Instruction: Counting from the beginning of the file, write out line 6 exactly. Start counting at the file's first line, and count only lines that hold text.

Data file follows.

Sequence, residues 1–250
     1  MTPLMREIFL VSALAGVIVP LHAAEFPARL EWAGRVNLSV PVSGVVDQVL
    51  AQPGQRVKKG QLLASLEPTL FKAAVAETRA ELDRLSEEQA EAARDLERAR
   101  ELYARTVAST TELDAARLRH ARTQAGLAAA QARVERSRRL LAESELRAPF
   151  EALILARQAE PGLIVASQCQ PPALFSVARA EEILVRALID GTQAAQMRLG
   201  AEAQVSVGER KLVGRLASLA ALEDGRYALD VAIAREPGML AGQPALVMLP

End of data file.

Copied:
   201  AEAQVSVGER KLVGRLASLA ALEDGRYALD VAIAREPGML AGQPALVMLP